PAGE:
the interactions of light and matter
David F. Salisbury
Oct. 9, 2001
manifold interactions of light and matter play a critical role in
the drama of life. They provide the energy that makes life possible,
as well as the vision required to appreciate its beauty. In the
last 200 years, scientists have learned a tremendous amount about
the nature of light and of matter. Yet there are still significant
gaps in our understanding of this fundamental interplay which the
Free-Electron Laser (FEL) is helping to bridge.
colors of the rainbow and the spectrum of colors produced by a prism
illustrate one of light's fundamental characteristics: It exists
in a virtually infinite number of shades. Each color is produced
by an electromagnetic wave of a specific wavelength, frequency and
energy. Visible light spans only a tiny sliver of the entire electromagnetic
spectrum. Bluer colors have shorter wavelengths, higher frequencies
and carry more energy. Redder colors have longer wavelengths, lower
frequencies and carry less energy. The lower end of the spectrum
ranges from radio waves that are hundreds of meters long, through
millimeter-sized microwaves, to infrared radiation associated with
radiant heat. The upper end proceeds from the ultraviolet rays that
cause sunburn, through X-rays, up to gamma rays with wavelengths
less than the diameter of an atom and energies three trillion times
greater than typical radio waves.
or wavelength, interacts with matter in a different way. Radio waves
push around free-flowing electrons, generating electrical signals
in metal antennae. Microwaves cause the water molecules to vibrate
inside solid food, producing the heat that cooks it. Ultraviolet
radiation from the sun breaks down DNA. Different materials absorb
and radiate light at different wavelengths. The patterns of absorption
and radiation form universal signatures that allow scientists to
identify the elemental composition of a material, whether it is
in a laboratory on earth or surrounding a star in a distant galaxy.
The FEL is an
ideal instrument for charting the interactions of light and matter
in many of the still unexplored regions of the electromagnetic spectrum.
Unlike most conventional lasers, the FEL can be tuned over a broad
range of the spectrum ranging from the infrared to the ultraviolet.
In addition, the FEL design allows for very high power levels.
The W.M. Keck
Foundation Free-Electron Laser Center at Vanderbilt is one of four
university FEL centers in the United States and one of only nine
such centers worldwide where scientific research is conducted.
It operates in the infrared portion of the spectrum. It can produce
laser light in wavelengths ranging from two to nine microns
and has a peak power of more than 10 megawatts.
the only FEL in the world licensed to use this powerful beam for
surgical operations on human patients. The first human surgery using
a free-electron laser beam was performed successfully on December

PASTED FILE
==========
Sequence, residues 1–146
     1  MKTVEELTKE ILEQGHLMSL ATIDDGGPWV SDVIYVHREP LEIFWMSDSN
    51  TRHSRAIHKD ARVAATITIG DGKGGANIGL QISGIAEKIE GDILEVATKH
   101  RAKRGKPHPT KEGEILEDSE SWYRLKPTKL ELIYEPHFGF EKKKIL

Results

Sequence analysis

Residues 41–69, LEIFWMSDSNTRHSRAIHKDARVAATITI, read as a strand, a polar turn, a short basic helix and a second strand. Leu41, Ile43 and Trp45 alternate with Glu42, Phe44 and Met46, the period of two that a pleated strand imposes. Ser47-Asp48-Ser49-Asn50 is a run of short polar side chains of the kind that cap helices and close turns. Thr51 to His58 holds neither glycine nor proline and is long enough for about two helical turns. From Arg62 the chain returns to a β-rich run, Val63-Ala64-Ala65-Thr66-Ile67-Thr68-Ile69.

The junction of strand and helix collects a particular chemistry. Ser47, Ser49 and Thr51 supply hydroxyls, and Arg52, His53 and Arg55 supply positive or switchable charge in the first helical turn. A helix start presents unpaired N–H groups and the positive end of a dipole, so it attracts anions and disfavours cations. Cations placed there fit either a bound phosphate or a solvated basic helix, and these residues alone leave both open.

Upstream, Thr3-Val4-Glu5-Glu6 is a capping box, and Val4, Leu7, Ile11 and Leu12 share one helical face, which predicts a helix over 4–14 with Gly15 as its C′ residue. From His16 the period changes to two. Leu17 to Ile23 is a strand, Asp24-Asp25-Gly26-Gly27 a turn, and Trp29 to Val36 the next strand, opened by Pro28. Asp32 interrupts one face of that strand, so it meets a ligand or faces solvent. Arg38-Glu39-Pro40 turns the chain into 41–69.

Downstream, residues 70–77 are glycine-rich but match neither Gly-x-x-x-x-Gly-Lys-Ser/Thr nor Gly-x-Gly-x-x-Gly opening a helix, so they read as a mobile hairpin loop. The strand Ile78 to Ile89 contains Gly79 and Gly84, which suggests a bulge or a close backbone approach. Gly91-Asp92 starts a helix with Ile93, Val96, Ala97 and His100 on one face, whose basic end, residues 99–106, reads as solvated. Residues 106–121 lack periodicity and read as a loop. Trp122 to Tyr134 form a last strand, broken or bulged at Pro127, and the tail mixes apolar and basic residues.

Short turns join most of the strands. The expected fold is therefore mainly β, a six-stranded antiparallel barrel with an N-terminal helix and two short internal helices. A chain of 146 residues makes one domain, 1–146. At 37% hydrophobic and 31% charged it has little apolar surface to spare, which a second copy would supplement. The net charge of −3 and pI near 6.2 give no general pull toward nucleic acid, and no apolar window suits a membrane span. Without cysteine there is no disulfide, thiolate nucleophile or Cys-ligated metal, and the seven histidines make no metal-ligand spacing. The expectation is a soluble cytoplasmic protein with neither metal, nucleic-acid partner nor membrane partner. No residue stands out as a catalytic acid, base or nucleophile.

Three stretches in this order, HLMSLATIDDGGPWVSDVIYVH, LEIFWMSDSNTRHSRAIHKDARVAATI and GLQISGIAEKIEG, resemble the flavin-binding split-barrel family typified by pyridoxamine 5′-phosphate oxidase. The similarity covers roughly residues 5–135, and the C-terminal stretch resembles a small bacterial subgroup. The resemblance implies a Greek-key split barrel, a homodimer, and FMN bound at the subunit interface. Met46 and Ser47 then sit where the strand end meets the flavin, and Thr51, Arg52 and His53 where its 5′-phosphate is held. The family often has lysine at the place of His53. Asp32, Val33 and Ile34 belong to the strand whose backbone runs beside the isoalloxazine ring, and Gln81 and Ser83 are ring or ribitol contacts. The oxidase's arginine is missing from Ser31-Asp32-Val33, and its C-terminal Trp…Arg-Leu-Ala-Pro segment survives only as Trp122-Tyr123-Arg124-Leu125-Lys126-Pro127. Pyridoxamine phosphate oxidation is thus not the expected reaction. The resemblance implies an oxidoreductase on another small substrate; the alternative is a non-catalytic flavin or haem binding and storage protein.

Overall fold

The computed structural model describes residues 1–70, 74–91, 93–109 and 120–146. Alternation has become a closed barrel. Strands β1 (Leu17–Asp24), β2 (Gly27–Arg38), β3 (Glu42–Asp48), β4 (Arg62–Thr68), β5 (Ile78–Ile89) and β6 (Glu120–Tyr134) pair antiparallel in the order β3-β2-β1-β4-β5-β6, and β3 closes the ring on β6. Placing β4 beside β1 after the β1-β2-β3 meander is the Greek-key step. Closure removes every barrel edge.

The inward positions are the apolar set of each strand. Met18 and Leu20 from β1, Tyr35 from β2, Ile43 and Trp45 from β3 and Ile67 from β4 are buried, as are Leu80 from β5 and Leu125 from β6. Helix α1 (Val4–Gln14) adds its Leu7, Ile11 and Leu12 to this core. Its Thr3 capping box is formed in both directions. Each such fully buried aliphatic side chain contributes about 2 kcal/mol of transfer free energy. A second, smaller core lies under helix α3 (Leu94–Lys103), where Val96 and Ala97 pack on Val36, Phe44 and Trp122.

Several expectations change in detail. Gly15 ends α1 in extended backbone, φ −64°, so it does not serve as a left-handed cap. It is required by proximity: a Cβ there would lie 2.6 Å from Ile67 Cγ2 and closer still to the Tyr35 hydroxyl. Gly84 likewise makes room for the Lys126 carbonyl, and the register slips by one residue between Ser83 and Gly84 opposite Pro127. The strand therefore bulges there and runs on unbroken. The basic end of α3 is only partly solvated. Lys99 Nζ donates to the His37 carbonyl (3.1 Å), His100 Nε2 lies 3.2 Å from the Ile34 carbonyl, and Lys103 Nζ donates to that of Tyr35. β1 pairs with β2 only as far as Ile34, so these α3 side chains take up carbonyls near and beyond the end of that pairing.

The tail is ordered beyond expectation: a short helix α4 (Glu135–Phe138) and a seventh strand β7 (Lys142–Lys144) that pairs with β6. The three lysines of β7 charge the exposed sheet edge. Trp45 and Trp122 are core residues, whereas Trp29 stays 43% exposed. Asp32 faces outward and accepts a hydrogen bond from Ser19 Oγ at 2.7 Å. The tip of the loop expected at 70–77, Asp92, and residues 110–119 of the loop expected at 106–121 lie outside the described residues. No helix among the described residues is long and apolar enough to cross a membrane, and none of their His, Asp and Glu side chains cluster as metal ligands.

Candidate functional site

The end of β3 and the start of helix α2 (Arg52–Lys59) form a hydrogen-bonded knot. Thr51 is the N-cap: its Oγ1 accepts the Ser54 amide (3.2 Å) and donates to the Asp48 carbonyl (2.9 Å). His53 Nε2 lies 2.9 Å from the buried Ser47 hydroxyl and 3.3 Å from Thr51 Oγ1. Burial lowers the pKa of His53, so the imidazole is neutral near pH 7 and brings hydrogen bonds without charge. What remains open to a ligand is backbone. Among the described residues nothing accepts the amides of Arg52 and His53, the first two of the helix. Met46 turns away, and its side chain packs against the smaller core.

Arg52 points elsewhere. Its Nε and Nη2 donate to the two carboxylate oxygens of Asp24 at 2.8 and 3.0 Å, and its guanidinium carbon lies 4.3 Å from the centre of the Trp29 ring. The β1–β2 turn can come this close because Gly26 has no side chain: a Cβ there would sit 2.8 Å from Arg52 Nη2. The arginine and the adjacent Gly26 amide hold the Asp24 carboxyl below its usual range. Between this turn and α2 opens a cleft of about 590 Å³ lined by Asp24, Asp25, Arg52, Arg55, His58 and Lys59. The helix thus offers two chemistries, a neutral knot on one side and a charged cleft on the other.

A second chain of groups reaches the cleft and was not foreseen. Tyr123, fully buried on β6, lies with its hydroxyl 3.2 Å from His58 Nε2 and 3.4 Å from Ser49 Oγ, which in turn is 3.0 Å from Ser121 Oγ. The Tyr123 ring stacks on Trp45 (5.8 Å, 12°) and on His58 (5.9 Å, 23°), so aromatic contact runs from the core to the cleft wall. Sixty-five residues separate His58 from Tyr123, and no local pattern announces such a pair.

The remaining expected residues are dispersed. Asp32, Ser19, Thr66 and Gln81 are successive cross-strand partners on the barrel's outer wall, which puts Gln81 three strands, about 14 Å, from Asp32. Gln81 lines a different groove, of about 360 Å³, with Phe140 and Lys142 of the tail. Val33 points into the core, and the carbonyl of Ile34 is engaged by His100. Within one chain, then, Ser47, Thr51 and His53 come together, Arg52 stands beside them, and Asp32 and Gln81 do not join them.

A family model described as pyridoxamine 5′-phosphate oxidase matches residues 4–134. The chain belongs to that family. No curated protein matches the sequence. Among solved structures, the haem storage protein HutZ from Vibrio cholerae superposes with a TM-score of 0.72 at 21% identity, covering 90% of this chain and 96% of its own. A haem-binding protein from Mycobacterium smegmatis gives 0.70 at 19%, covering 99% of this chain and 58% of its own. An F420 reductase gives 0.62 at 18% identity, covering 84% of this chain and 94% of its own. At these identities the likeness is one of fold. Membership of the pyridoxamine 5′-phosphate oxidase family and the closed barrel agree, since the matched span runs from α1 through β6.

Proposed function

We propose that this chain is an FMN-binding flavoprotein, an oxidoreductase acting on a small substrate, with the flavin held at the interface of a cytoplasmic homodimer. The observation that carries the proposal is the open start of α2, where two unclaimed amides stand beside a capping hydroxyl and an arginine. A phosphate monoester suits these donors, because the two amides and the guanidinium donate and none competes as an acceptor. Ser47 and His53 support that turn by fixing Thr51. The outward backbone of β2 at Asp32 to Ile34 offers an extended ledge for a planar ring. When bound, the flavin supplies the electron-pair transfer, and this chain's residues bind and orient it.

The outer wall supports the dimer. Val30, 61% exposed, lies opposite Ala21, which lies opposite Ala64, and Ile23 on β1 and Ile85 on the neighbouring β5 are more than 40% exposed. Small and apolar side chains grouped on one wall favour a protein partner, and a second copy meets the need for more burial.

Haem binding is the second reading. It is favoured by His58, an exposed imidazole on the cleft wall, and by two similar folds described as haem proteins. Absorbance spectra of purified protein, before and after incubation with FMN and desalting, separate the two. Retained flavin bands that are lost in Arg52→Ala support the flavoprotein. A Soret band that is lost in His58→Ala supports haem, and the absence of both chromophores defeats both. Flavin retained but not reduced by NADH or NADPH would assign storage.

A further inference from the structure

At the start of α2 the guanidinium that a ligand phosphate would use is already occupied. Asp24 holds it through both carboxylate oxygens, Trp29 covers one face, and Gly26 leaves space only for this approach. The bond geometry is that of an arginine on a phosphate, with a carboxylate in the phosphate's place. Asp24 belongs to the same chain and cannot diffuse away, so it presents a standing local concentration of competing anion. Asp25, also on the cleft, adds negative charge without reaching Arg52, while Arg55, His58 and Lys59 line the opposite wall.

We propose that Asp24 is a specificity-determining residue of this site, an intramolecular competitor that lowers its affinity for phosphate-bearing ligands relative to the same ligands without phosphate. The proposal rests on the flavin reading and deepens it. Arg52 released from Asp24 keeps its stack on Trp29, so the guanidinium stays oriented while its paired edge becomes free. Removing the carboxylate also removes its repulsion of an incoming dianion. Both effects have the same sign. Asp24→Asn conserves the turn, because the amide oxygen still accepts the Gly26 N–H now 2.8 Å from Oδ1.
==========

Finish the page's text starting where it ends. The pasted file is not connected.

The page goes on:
17, 1999. The laser beam was used to destroy part of a brain tumor.
This feat was repeated the following September with a second patient.
Two weeks later the FEL was used for eye surgery. It was used to
cut the sheath surrounding the optical nerve of a patient whose
eye was being removed. This and several subsequent surgeries following
the same protocol have shown that the laser is a superior instrument
for such an operation.
development with significant medical potential comes from the X-ray
portion of the spectrum. Experiments with the FEL beam have shown
that it is possible to produce monochromatic X-rays by colliding
the infrared beam head-on with a stream of electrons accelerated
to relativistic velocities .
Essentially, the infrared photons bounce off the electrons and pick-up
enough energy to transform them into X-rays in the process. The
monochromatic X-ray beam is similar to a laser beam.
Monochromatic X-rays are capable of producing sharper, cleaner images
than conventional X-ray machines, but, until now, the only sources
for this kind of radiation have been billion dollar synchrotron
radiation laboratories associated with large particle accelerators.
A private company
with Vanderbilt support has developed a prototype monochromatic
X-ray machine that it estimates should cost about $1 million to
The FEL is also
proving its worth in the emerging field of proteomics.
Now that the human genome has been sequenced, researchers are beginning
the task to characterize all of the millions of proteins that build,
power, regulate and protect living organisms. But to do so new methods
must be developed for rapidly identifying and characterizing these
microscopic machines. One method under development relies on the
FEL beam. By tuning the beam to the right frequency, researchers
have shown that they can identify proteins that have been roughly
separated in an electrophoresis gel.
It works by selectively heating the gel molecules enough to release
the proteins without breaking them. Once the molecules are freed,
an electric field pushes them into a mass spectrometer, a conventional
instrument that provides a precise measurement of the protein's
mass, an important key to its identity.
monochromatic X-rays, and protein characterization are three areas
where research at the Vanderbilt FEL is showing particularly promising
results. There are a number of other worthwhile research projects
also being conducted there. The center currently receives about
$3 million in external support from the Department of Defense, the
National Institutes of Health and several foundations. Center management
has identified four areas for growth: materials science, particularly
the use of the FEL in nanotechnology research; laser surgery; proteomics,
identification of the structure and function of proteins; and, in
vivo imaging, using the FEL and monochromatic X-ray beams to image
individual molecules in living animals.